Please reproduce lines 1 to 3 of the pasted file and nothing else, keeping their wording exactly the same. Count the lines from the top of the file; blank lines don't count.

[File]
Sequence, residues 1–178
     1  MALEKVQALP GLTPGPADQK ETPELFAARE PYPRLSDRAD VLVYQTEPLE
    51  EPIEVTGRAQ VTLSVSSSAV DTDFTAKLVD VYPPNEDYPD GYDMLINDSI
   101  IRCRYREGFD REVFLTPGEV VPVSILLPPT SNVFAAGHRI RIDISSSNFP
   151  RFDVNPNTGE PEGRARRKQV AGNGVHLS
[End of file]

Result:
Sequence, residues 1–178
     1  MALEKVQALP GLTPGPADQK ETPELFAARE PYPRLSDRAD VLVYQTEPLE
    51  EPIEVTGRAQ VTLSVSSSAV DTDFTAKLVD VYPPNEDYPD GYDMLINDSI